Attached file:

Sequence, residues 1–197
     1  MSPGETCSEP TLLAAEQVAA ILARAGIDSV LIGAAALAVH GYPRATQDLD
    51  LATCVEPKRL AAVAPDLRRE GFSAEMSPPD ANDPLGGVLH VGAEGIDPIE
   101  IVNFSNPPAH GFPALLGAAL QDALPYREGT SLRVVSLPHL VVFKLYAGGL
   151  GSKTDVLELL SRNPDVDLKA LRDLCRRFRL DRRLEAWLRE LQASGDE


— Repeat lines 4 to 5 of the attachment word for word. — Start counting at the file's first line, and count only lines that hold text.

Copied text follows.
   101  IVNFSNPPAH GFPALLGAAL QDALPYREGT SLRVVSLPHL VVFKLYAGGL
   151  GSKTDVLELL SRNPDVDLKA LRDLCRRFRL DRRLEAWLRE LQASGDE